A harrowing suspense novel set in the remote reaches of a Colorado mountain range.
After a lifetime teaching at a small Southwestern college, Tommy Tulloch accepts an invitation to spend a year at the Lazy R, a ranch established in the 1880s by a hardened pioneer named Fisk. His only task is researching the history of the ranch. For a few days, the all-expenses-paid sabbatical proves idyllic. Tulloch takes walks into the surrounding mountain range, hobnobs with cowboys and ranch hands and dines on heaping plates of fresh grub. But when Tall Bear, a Ute activist, turns up dead–the corpse chewed up by a host of forest creatures–Tulloch’s world is thrown into chaos. He deftly peels back the layers of mystery surrounding the Lazy R and finds evidence of a battle between land developers, who are eager to use the ranch for a deluxe resort, and the Native Indians who have historical claim to the land. Trapped in the middle are Rupert Fisk, a descendent of the 19th-century pioneer, and his wife Mary, a well-known Chicago socialite. The Fisk Foundation is funding Tulloch’s sabbatical, but can the professor really trust the Fisks? And what about Ross Rhodes, who runs the ranch? Literature professor Gordon expertly unwinds the narrative on two planes, alternating between the frenetic search for the truth behind Tall Bear’s death and the story of the Lazy R, re-created from yellowed newspaper clippings and decades-old diaries. Fans of the late Tony Hillerman’s detective novels will find much to love in Spirit Bears. The author creates a fine sense of atmosphere, and although he occasionally runs out of adjectives worthy enough to describe the resplendent surroundings–there are only so many ways to say â€œsnow”–he settles on a deeply alluring portrait of a wild, wild west.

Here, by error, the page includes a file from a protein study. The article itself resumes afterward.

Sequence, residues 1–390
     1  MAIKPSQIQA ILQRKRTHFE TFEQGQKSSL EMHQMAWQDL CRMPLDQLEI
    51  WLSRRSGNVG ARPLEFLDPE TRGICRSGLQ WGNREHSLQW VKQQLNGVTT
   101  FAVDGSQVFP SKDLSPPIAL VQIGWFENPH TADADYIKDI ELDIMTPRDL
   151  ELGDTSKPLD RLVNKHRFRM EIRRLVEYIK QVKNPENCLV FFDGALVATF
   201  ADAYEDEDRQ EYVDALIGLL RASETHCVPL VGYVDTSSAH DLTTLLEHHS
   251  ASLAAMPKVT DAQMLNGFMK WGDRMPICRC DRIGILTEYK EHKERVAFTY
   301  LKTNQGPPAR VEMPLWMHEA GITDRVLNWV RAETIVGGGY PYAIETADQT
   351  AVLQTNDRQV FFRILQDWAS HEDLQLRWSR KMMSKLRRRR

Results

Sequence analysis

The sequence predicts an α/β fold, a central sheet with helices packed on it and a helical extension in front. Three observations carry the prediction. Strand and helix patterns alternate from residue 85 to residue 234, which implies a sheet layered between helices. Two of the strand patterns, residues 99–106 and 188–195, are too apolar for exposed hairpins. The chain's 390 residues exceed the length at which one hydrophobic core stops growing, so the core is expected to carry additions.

An absorbing mystery full of bigger-than-life characters lovingly portrayed.